Anna Lee McNelis
Prosecutors say that when they read this offense report (it involved plastic wrap, zip ties, and a billy club), they couldn’t wait to tell the story to a jury.
Jason Witt and Andria Stanley met through an online dating service in August 2005. Jason was a Connecticut native who attended graduate school at the University of Texas at Austin and was working in the information technology (IT) field. Andria was a single mother to an elementary-school-age daughter. She was working as a respiratory technician in a neo-natal intensive care unit in a hospital in Palestine, Texas.
Early on, Andria shared with Jason that her daughter was the product of a rape and that the rapist was in prison. Andria presented as a devoted single mother, determined to persevere despite her own traumatic background of rape and child abuse.
In early 2007, Jason and Andria decided to get married and settle in Austin, and later that year their first son was born. After giving birth, she began a blog detailing the day-to-day trials and joys of motherhood. She wrote in a witty, engaging, self-deprecating style that cultivated a regular readership. By the fall of 2009, after the birth of their second son, their relationship became strained, if not unglued. Andria blogged that Jason physically and emotionally abused her and her daughter. She even went as far to post pictures on Facebook of bruises she claimed Jason inflicted on her.
Arguments ensued between the couple. Andria would break things and the police would be called, though no arrests were ever made. Jason filed for divorce in September 2009, and Andria took their two boys and moved to Elkhart, a town very near to where her parents live in Anderson County.
Around this time Jason learned that many of the things Andria had told him were lies. During a conversation with Andria’s mother, Tina, Jason made reference to Andria’s rape when she was a teenager. Tina seemed confused and told Jason that Andria’s daughter, Alaine, was not the product of a rape but that Andria had been married to the little girl’s father for a short time when the two were teenagers. (Jason confronted Andria about this, and she admitted she had lied to him.) Also, Andria had claimed that her own father had been physically abusive. Tina said that while her husband was not a perfect father, he was never physically abusive. In addition to these lies, Andria blogged that Jason hit her, went on cocaine binges, abused her daughter, was cruel to her during her pregnancies, would leave home for days or a week at a time, and on and on. She admitted to him in e-mails and in therapy that she was wrong to spread these lies about him.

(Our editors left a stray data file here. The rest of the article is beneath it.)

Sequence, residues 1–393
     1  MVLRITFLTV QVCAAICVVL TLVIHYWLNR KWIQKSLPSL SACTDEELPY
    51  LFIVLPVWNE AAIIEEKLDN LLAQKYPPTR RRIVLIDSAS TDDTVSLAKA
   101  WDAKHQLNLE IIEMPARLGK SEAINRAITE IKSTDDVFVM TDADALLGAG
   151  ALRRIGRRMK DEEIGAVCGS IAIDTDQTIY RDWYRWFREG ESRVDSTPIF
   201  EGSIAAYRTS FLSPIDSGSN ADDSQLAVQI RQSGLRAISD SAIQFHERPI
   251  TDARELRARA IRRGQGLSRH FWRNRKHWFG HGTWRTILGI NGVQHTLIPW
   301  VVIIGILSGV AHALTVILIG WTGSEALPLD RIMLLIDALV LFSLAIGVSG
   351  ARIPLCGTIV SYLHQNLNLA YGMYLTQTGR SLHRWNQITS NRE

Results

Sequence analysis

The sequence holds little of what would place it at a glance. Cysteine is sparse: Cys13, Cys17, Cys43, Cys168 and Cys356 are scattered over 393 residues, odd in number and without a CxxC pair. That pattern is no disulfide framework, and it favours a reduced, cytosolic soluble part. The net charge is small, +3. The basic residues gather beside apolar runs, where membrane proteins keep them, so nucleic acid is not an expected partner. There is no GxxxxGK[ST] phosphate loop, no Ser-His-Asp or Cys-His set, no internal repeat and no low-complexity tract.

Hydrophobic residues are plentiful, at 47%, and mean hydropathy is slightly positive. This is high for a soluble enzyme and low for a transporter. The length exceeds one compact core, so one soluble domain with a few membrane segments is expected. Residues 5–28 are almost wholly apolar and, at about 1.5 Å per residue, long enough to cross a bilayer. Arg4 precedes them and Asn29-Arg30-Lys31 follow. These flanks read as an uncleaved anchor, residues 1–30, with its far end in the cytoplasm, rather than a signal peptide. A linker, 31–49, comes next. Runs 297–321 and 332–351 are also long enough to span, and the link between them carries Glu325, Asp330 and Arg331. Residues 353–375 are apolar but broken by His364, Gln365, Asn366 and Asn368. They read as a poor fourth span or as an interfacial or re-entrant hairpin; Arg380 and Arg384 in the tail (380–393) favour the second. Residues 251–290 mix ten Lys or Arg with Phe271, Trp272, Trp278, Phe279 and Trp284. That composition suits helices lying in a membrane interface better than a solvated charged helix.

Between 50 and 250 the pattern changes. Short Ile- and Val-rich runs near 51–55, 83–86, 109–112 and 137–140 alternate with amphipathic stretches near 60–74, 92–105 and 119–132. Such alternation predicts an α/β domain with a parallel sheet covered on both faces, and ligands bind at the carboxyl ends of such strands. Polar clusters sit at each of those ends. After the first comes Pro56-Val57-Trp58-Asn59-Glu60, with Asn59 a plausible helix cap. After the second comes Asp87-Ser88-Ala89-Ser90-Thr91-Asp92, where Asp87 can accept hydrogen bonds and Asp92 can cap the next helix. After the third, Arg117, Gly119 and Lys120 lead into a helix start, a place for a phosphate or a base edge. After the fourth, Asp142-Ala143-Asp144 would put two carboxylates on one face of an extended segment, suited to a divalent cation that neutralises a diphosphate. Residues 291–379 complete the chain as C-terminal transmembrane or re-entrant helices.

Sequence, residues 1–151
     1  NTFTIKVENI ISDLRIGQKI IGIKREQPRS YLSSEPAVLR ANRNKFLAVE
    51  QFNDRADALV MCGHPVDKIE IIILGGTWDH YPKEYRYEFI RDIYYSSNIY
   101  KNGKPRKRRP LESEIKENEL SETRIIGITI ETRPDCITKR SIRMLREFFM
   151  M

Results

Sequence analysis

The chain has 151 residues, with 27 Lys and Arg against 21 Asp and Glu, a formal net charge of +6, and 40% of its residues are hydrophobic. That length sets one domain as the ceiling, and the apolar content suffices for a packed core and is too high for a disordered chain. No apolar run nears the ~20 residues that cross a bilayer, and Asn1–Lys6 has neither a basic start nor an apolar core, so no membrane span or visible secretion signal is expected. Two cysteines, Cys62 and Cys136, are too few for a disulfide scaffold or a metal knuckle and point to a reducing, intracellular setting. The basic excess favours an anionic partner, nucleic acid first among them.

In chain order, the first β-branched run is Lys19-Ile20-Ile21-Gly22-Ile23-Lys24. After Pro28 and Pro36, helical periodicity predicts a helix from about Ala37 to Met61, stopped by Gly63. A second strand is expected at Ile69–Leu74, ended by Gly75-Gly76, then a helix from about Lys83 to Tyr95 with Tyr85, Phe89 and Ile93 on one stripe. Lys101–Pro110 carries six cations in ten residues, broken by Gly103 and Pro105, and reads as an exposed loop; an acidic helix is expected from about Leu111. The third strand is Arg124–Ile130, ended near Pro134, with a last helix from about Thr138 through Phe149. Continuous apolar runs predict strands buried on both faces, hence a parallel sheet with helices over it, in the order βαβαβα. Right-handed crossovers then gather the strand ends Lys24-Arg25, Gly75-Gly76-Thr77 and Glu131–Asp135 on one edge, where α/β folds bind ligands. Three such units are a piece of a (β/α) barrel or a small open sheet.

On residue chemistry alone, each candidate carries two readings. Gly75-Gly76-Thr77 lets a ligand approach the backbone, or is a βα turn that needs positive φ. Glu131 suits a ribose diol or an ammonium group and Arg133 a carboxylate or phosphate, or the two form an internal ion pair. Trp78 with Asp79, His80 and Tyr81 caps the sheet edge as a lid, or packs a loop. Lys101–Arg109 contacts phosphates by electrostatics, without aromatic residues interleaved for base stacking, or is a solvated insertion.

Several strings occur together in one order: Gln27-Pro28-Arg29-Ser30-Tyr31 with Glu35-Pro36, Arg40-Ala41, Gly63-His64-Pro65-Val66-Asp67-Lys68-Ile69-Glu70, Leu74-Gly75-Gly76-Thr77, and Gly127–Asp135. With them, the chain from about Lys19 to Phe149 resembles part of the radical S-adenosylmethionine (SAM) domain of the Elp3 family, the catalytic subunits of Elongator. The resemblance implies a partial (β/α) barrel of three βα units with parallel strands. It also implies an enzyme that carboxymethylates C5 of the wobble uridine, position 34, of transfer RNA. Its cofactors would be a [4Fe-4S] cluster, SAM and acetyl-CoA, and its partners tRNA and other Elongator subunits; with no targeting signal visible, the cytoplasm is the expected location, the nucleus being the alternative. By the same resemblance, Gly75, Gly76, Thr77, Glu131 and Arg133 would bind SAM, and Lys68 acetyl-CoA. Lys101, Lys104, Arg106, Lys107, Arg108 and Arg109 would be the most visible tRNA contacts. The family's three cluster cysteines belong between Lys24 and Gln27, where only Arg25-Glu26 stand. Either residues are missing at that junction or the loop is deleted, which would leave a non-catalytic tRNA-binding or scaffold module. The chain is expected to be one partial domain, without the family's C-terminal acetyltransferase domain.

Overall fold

What was more, between September 2009 and January 2012, Andria initiated six investigations with Child Protective Services (CPS) and three with police, and she applied for three protective orders against Jason. She alleged that he abused her and the children, burglarized her home, and even planted recording devices in the house. Jason was put under a microscope and questioned by CPS investigators and police officers. Each and every time, he had to prove his innocence through witnesses, such as parenting coaches, or through photographs. In the end, all of the CPS cases were ruled out and all of the cases with law enforcement were closed as unsubstantiated, but going through these interviews was always incredibly stressful for him.
Andria, on the other hand, began violating court orders by denying him visitation with the children. The breaking point for Jason was when Andria drove the boys into Austin from Elkhart for Thanksgiving, then refused to turn them over to him when he declined to give them back to her a day early. In all, Andria denied Jason 24 days of possession in a two-month period. Finally, on January 4, 2012, Judge John McMaster held Andria in contempt and ordered her to turn over the two boys immediately. The following week, the same judge learned that Andria once again violated the court’s orders: She left with the boys, did not turn them over to Jason that day, and drove them back to East Texas. On January 9, Andria filed a report with CPS claiming that Jason had molested the oldest boy—an outright lie.
Two days later, Andria and Jason were back in front of Judge McMaster. He read Andria the riot act and told her that on February 13, he would decide who would get custody of the two boys and whether Andria went to county jail for contempt. It was clear that the family court proceedings were not going her way and that she was backed into a corner.
When the parties did return to court on February 13, the landscape had changed radically: Jason had a bullet hole in his face, the three children were in foster care, and Andria was in custody for trying to murder her ex-husband.
What happened next
The few weeks between January 11 and February 5 were eerily quiet, with almost no communication between Jason and Andria. Jason was hopeful that his ex-wife finally realized the severity of her actions in defying the court’s orders, but little did he know that Andria’s ultimate act of defiance had yet to come.